“I would also recommend that once your strawberry beds are fully dormant, which is usually sometime in November or December, depending on the zone, you should carefully remove as many dead plants/leaves as you can so that only the healthy parts remain. This, combined with fertilisation, will create the healthiest foundation for your beds," Yamaguchi adds.
Fertilising your lawn is also essential at this time to ensure your lawn comes back lush and green in spring. Be sure to aerate your lawn in the process to help with the drainage and to ensure the fertiliser can penetrate the soil well. Also, prune back any shrubs and bushes to keep them neat and tidy throughout winter.
“If you've cultivated summer-flowering bulbs such as dahlias in your garden, it's essential to prepare them for the upcoming winter. As the temperatures drop, these bulbs need protection from the cold. Carefully dig them up, being cautious not to damage the bulbs, and remove excess soil," says Robert Silver, master gardener and plant expert at ProGardeningBlog.
“Allow for some days of air drying to prevent rot. Once dried, put them in a box filled with peat moss or vermiculite in a cool, dry spot indoors. This precaution assures that your bulbs will survive the winter and bloom wonderfully again the following year," Silver continues.
For more hardy bulbs, add some mulch to the soil and ensure to keep them well-watered. The mulch and water will help to provide essential nutrients to help them grow.
During November, it’s also important to take care of the trees in your garden. This will help to prevent damage from the harsh winter weather and will also prevent damage to other parts of the garden from flying tree debris.
“Cutting lower limbs of trees can prevent property damage or injury from winter storms and weighty snowfall. It’s also a good time to remove any deadwood that could be hazardous," says Bryan Clayton, CEO of GreenPal.
Also, look out for any dead branches or branches that may be coming away from the tree. These should be removed at this time to prevent them from flying off in strong winds and causing damage.
Clean Your Gutters
Cleaning out your gutters is very important before we move into the winter months. “This may not seem like a gardening task, but ensuring that water can flow freely will protect your garden beds from flooding and oversaturation", explains Bryan Clayton, CEO of GreenPal.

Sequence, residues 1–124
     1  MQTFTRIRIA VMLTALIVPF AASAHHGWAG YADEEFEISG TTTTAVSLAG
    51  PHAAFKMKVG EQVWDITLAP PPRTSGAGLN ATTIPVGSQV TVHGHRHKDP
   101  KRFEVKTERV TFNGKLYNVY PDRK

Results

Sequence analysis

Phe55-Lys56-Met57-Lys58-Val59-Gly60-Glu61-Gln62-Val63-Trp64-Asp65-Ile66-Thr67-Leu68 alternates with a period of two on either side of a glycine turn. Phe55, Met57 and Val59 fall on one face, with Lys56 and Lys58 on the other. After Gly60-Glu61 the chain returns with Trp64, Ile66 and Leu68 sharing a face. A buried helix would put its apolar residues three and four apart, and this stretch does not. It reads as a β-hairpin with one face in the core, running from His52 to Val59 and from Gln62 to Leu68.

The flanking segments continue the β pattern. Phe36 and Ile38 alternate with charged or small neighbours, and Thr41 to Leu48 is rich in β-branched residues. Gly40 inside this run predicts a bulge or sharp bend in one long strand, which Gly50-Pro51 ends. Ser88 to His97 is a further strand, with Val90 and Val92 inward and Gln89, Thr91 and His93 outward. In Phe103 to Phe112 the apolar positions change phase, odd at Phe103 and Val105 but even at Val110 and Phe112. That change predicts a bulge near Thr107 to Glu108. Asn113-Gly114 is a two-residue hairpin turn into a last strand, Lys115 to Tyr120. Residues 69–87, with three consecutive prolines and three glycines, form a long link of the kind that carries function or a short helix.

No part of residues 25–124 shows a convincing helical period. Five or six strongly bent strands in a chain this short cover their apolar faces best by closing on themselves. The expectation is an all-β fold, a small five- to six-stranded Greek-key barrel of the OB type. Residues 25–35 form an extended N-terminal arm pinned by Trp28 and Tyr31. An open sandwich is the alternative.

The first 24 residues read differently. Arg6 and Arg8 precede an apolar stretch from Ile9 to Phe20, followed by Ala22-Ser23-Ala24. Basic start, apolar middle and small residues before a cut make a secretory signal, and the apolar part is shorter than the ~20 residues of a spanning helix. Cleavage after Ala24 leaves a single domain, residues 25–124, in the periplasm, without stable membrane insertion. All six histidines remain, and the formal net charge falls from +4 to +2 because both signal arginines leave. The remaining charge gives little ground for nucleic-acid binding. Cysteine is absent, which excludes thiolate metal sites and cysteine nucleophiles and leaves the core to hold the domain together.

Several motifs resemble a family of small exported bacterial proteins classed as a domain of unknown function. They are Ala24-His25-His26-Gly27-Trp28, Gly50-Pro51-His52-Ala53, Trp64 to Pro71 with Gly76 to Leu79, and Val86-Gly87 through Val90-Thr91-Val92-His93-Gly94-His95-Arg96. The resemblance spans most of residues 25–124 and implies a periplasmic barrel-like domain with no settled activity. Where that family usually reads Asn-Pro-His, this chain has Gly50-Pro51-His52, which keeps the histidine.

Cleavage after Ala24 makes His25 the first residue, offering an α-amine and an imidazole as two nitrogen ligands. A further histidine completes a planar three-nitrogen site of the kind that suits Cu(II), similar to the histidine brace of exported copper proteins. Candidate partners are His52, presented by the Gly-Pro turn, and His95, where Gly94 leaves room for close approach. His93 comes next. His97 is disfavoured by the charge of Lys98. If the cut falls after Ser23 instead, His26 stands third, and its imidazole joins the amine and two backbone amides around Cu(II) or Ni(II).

Also, cleaning out your gutters can help prevent ice dams, which could cause flooding or damage to your property. Aim to remove all dirt, debris, leaves, and twigs from your gutters and downspouts to ensure the water can run off your roof and into the drains freely.
“Soil test is a useful way to check that your garden soil is adequately balanced for plant growth", explains Robert Silver, master gardener and founder of ProGardeningBlog. You can purchase DIY soil test kits from your local gardening supply stores or local gardening centres.
“The results will reveal your soil's nutrient content and pH levels. Based on these findings, you can adjust the soil with appropriate fertilisers or soil conditioners. A well-balanced soil provides a healthy foundation for your plants and can significantly boost their growth and yield," Silver adds.
By testing your soil and ensuring that everything is at the right level for your plants and grass, you can ensure that everything grows effectively and comes back thriving in the spring.
Protect Tender Plants
Winter brings very harsh weather conditions, including strong winds, heavy rain, snow, and ice. Without the right protection, these harsh weather conditions could damage your more tender plants. This is why it’s important to protect them at this time.
“If you have tender perennials or potted plants that can't withstand freezing temperatures, consider moving them indoors or into a greenhouse. Alternatively, you can cover them with frost cloth to shield them from cold weather," suggests Zahid Adnan, gardener and founder of ThePlantBible.
Garden Tool Maintenance
“Your garden tools are invaluable assets, and proper maintenance is key to keeping them in optimal working condition," says Robert Silver, master gardener and plant expert at ProGardneingBlog.
“Begin by cleaning all tools and removing dirt, rust, and sap. Sharpen the edges of blades, pruners, and hoes to ensure clean cuts and efficient work. To prevent corrosion, apply a little coating of oil to metal pieces," Silver adds.
“Well-maintained tools make gardening activities easier and also increase the lifespan of your machinery, saving you funds over the long term.” By taking care of your gardening tools now and preparing them for winter, you can come back to your garden in spring and get straight back into your gardening shores with no delays.
As you can see, there are many things you can do in your garden now to prepare for winter. By preparing your garden for the harsher winter months, you can ensure your garden comes back lush and thriving when spring comes back around.